Todays word: "Waterfall"
As stated before, it is important to not only recognize the faults of past paradigms, but also the fortés which gave rise to them in the first place.
Such a beast is waterfall. It was originally contemplated because software is difficult to change. That is its premise. Code commiting design. You need good upfront design before committing to code. And you need good requirement specs before committing to the design preceding the code.
All this changes when code no longer commits design. When software, when properly groomed, is painless to change. One of the primary motivations for waterfall does a 180 degree turn overnight.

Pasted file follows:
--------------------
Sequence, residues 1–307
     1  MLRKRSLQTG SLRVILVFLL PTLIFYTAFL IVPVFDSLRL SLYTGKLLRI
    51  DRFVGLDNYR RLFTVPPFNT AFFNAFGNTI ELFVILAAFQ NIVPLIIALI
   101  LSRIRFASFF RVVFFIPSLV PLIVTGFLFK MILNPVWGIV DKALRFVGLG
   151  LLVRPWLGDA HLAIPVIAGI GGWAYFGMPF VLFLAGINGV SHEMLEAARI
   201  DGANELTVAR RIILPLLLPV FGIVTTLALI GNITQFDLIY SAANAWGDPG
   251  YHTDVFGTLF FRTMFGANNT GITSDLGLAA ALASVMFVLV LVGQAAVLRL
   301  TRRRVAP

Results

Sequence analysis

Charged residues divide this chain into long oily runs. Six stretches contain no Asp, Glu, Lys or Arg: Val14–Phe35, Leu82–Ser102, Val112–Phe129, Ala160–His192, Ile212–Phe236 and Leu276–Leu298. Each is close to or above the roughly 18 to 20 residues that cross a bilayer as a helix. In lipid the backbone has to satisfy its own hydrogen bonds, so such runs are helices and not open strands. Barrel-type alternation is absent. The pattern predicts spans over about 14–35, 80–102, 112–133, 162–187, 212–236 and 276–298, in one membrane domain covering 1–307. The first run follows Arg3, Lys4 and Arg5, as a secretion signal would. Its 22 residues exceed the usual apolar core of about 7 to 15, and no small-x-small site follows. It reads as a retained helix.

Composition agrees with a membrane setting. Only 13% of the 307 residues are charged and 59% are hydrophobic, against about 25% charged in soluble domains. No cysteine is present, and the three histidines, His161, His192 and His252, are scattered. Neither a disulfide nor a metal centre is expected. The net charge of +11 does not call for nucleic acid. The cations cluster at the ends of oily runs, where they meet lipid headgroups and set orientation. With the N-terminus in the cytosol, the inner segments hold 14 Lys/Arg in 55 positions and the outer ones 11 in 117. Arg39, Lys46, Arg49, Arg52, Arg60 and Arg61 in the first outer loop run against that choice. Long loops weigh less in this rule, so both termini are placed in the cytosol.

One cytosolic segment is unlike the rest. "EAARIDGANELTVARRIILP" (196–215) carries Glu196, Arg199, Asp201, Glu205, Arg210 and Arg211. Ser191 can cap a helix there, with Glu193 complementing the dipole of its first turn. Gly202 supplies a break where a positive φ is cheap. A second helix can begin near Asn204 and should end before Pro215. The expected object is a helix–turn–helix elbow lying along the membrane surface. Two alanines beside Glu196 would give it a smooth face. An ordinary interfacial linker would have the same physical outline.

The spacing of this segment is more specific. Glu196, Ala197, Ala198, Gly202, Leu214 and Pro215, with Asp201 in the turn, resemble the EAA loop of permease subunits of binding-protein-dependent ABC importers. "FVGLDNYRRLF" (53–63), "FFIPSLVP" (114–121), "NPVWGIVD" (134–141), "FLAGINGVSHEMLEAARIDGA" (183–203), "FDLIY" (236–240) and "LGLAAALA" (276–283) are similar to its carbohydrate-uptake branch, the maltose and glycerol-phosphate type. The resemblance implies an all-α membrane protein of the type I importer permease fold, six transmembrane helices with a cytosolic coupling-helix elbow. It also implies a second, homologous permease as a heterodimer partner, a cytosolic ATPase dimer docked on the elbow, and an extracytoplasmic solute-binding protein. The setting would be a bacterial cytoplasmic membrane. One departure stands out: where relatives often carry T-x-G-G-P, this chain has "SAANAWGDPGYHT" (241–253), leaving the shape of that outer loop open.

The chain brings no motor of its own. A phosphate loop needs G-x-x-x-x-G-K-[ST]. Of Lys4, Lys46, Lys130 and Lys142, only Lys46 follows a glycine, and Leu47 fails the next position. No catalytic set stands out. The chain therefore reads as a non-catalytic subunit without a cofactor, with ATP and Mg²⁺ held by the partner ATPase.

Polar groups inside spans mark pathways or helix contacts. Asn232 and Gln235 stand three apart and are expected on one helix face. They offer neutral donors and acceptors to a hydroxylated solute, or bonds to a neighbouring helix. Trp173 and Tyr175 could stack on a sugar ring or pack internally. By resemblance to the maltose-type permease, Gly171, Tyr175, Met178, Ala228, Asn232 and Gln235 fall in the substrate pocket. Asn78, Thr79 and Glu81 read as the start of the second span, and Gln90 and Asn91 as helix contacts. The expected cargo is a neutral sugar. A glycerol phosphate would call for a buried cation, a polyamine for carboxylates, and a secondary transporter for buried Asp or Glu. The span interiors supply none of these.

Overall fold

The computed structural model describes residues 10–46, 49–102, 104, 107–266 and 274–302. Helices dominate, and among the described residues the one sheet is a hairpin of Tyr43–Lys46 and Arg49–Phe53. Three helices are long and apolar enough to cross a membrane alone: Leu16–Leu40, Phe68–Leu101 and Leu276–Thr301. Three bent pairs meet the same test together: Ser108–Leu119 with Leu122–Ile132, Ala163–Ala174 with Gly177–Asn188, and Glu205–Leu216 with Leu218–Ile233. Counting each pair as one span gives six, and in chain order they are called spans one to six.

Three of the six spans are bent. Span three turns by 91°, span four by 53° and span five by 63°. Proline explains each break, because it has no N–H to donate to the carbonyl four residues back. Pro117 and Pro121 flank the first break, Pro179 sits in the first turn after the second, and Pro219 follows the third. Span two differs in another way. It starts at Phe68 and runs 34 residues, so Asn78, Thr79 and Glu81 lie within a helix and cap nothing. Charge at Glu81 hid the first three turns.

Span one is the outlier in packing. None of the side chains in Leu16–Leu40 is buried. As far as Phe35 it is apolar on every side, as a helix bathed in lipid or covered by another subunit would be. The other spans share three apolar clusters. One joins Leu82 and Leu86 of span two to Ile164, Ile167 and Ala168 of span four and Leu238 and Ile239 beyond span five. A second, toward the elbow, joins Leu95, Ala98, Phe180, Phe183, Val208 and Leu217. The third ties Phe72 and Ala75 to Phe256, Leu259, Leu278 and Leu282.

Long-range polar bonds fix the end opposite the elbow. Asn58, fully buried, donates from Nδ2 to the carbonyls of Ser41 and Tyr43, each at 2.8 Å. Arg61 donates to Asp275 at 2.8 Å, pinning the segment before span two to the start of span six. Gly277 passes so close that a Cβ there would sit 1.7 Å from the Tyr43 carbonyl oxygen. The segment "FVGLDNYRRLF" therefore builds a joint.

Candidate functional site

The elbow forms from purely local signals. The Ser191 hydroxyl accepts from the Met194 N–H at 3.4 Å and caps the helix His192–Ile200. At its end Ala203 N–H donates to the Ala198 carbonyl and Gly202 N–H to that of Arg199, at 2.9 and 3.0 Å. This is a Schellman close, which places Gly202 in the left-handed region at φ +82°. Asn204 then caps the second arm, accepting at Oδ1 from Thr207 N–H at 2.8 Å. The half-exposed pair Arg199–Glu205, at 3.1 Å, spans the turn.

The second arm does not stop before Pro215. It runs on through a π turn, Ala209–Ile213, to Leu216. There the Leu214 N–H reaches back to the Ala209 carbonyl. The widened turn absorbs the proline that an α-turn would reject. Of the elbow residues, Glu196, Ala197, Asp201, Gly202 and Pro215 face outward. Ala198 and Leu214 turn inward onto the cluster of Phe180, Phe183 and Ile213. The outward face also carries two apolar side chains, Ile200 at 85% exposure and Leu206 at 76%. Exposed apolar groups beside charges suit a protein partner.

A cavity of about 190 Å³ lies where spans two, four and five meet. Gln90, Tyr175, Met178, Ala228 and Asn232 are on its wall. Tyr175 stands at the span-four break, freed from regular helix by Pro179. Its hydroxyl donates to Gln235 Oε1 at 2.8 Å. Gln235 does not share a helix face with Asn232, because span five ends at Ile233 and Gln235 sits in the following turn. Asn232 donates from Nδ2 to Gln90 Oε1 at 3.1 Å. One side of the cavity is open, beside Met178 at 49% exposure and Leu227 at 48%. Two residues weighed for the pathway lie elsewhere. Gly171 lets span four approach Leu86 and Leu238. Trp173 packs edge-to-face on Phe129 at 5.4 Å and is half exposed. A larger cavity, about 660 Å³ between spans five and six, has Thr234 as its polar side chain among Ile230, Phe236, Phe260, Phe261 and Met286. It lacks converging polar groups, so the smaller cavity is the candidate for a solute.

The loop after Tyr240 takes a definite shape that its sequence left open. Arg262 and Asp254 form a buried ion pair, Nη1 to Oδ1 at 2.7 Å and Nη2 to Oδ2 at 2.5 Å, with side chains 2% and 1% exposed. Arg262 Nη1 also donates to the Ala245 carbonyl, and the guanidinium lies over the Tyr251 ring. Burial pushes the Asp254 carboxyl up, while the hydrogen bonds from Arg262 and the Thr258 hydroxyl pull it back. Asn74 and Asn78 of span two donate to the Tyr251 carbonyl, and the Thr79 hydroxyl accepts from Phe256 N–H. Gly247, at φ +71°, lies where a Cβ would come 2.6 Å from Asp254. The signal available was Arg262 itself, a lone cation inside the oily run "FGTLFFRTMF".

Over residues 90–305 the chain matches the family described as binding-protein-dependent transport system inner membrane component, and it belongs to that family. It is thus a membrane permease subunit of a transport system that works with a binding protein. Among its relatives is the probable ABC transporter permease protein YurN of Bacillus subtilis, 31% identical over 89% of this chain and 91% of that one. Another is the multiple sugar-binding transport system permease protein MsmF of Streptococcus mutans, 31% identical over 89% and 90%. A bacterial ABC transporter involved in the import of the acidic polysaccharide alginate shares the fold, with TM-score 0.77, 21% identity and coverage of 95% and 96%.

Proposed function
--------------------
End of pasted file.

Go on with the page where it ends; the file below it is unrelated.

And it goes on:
But still, waterfall may still be suitable and sometimes even necessary.
* Irreduceable designs. Some designs are based on a design vision that would be hard pressed to be achieved incrementally.
* When specs will not change. When there is no reason to assume that there will be any learning curve underway from start to finish. Neither with the developer or the stakeholder. If I can get all specs up front, I will gladly receive them. I just don't think this will be true more than once or twice in a life time.
* Even though well crafted code now responds well to change, there are still elements to solutions which do not. Such as business contracts, hardware and third party stuff.